Los Angeles

Richard Poole

Paideia Gallery

Poole is concerned with the qualities experi­enced by “the one” as part of “the many.” He structures his canvases of people thronging together by silhouet­ting individual shapes into tiers of on­lookers, while playing the specific ges­tures of privately occupied persons as counter motifs to the generalized move­ment of a crowd. A mother turning to admonish her child or a man stopping to stare at a bather assume more than anecdotal significance when seen as asides from the body politic. Whether painting pedestrians straining toward three silent horsemen or groups of women under a grove of trees, Poole seems to pursue the elusive dignity of choric repetition. He has chosen to re­strict his color to shades of vermilion or ochre with black and his spatial manipulations to overlapping planes accented by diagonal color passages. The painter’s stringent successes should have afforded him the courage to attempt much more in terms of tonal and edge qualities. Rather than settling complacently into conventionalized vis­ual solutions as some of the more recent works indicate, Poole should risk a “big failure” redolent with impossibilities.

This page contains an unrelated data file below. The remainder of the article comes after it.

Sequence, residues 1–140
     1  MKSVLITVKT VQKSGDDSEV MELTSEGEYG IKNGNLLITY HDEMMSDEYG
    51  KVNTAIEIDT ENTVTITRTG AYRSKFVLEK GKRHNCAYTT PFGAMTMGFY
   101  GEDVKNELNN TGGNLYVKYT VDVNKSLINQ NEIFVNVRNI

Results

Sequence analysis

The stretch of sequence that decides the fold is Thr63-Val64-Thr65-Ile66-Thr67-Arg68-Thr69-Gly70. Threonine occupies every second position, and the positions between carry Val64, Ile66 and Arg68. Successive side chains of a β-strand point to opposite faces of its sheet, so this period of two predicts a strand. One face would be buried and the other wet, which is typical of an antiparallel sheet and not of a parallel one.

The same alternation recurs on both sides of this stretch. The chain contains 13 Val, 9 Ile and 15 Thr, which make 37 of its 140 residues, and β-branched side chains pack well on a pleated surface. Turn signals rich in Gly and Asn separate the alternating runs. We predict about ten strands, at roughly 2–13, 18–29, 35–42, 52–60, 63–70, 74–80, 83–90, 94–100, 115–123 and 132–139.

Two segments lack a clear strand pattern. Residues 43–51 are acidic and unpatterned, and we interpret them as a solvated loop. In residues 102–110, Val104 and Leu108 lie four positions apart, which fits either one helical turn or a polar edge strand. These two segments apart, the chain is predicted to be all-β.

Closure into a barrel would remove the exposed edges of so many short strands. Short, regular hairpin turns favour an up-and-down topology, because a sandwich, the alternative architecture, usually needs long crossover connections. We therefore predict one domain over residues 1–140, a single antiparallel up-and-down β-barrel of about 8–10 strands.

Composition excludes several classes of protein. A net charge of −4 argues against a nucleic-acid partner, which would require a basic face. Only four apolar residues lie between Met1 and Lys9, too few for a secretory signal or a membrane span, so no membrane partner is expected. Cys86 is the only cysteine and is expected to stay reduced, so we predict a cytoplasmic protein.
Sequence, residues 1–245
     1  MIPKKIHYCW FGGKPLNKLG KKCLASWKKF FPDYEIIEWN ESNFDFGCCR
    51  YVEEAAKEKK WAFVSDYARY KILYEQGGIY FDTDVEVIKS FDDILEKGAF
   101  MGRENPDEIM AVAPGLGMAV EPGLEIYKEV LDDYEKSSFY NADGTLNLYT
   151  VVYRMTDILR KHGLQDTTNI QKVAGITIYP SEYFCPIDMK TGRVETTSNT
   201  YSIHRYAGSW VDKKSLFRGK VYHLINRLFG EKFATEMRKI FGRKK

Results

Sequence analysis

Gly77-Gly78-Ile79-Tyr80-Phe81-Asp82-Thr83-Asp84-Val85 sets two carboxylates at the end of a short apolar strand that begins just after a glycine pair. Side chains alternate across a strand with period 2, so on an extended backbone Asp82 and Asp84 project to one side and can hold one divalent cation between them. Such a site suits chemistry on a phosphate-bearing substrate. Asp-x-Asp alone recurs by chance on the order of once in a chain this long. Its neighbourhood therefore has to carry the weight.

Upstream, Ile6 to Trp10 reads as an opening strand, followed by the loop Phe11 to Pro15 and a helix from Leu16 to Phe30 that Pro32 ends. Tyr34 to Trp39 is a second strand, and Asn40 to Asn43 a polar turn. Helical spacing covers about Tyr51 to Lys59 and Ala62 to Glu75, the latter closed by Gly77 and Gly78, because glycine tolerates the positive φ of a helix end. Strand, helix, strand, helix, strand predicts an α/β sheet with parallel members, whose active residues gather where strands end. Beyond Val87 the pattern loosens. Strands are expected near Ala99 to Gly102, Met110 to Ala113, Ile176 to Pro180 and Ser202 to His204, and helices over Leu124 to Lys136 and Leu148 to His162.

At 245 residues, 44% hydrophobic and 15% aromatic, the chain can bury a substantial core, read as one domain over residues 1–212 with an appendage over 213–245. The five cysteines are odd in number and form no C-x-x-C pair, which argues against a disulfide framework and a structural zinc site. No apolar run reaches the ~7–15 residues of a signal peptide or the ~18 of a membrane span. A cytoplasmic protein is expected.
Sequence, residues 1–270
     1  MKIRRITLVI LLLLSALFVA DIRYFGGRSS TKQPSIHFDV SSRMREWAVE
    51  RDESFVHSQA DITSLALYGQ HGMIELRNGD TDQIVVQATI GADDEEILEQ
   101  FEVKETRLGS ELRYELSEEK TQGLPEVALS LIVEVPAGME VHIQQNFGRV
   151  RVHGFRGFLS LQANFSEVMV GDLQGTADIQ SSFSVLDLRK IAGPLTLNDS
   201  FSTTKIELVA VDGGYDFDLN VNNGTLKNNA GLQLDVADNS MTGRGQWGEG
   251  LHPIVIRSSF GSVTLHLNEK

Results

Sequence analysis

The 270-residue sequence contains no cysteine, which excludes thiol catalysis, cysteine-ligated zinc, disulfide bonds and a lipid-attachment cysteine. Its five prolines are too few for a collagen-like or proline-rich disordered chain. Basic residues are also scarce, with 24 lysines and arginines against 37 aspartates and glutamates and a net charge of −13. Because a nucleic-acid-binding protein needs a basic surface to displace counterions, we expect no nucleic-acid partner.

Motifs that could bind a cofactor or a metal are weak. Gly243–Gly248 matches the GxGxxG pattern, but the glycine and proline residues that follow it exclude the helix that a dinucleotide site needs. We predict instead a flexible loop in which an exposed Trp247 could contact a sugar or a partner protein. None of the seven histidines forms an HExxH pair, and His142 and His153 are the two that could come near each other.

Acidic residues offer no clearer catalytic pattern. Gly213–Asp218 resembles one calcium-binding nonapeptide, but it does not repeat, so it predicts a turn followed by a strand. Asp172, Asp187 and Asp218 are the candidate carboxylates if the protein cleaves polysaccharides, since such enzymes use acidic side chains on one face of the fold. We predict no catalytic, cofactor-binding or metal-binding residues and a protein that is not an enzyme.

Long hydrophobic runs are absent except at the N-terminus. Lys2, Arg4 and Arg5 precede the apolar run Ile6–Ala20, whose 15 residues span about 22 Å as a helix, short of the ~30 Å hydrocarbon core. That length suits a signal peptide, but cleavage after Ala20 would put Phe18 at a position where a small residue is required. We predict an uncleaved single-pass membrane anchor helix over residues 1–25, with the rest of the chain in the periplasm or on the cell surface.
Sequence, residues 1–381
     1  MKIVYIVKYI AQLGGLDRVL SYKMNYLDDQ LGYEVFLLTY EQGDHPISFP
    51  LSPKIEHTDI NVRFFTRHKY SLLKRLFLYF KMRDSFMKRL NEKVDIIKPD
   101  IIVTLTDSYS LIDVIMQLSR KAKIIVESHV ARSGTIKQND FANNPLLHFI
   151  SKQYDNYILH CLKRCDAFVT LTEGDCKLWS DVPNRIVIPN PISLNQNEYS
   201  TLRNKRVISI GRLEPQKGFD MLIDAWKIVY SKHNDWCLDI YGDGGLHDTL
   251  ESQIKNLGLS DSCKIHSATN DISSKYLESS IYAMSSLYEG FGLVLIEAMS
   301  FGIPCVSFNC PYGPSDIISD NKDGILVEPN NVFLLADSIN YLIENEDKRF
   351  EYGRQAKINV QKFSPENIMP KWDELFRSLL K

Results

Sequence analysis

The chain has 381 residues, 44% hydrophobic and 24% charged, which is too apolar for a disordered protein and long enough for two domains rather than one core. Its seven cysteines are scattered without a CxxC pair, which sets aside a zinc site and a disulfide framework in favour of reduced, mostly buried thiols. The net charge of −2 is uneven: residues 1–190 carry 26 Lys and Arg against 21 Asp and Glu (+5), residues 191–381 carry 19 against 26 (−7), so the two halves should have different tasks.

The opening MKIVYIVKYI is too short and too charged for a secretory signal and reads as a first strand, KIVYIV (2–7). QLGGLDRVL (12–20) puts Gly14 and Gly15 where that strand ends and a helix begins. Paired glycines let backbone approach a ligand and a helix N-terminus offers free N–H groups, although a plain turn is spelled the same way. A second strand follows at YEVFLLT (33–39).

Rosalind G. Wholden